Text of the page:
The study is being conducted by a team of scientists from the University of Pittsburgh School of Medicine and University of Wisconsin-Madison, USA.
It started in mice but then, in collaboration with a team from the University of Wisconsin’s College of Veterinary Medicine, tested a combination of targeted radiotherapy and immunotherapy as a treatment in pet dogs with naturally metastatic cancer with successful results, and without toxic side effects.
The researchers “combined TRT (targeted radionuclide therapy) with external radiotherapy to increase response to ICIs (immune checkpoint inhibitors) in mice with multiple tumors and confirmed the safety of TRT in two dogs with cancer.” In Science Translational Medicine.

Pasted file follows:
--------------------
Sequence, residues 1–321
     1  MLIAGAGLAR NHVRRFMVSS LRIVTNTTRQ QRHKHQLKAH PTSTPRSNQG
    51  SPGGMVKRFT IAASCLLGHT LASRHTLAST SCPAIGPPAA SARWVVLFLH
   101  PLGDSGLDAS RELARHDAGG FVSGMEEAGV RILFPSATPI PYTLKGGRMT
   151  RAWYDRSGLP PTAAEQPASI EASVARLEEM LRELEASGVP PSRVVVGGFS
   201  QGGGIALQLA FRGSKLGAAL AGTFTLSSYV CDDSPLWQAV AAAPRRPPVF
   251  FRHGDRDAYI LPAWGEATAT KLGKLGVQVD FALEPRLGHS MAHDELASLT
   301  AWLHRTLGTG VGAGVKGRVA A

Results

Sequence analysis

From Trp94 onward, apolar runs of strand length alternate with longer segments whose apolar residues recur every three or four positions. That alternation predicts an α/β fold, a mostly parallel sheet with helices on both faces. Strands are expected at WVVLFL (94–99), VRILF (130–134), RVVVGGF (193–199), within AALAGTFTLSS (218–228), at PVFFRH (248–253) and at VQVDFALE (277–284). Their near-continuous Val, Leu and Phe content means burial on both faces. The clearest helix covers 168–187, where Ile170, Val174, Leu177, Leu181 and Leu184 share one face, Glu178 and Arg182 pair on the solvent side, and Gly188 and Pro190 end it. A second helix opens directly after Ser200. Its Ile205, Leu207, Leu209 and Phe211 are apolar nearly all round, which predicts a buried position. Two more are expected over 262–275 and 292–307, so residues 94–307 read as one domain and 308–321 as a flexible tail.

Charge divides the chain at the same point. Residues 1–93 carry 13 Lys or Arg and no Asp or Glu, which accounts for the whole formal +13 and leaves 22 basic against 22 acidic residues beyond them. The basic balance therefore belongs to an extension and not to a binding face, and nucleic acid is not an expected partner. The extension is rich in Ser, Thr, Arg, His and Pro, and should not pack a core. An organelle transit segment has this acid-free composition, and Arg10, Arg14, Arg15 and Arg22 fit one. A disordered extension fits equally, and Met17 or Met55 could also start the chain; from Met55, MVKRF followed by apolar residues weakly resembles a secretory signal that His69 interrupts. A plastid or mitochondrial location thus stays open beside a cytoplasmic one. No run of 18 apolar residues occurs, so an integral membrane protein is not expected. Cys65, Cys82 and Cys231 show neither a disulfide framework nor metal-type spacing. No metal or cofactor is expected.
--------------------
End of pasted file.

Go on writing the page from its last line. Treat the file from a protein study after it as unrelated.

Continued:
“Almost half of the mice bearing ICI-resistant tumors showed a complete response to TRT, and the combination of TRT and ICI reduced metastases” and although they were optimistic about the results, they cautioned that “further studies are needed to evaluate TRT.” and ICI in humans.”
Specialists believe that cancer immunotherapies have revolutionized cancer treatments by boosting patients’ immune system. However, some patients have some resistance to immunotherapies and others have tumors that avoid the patient’s immune response to the cancer.
For these people, doctors already apply external beam radiation therapy, better known by its acronym EBRT, in which the patient is placed in a machine that directs radiation directly to the tumor, to make it more permeable for immunotherapies. However, this type of therapy (EBRT) is not recommended for patients with metastases, as it does not work in the presence of distant tumours, hence the importance of this research, which has not yet been authorized in humans.
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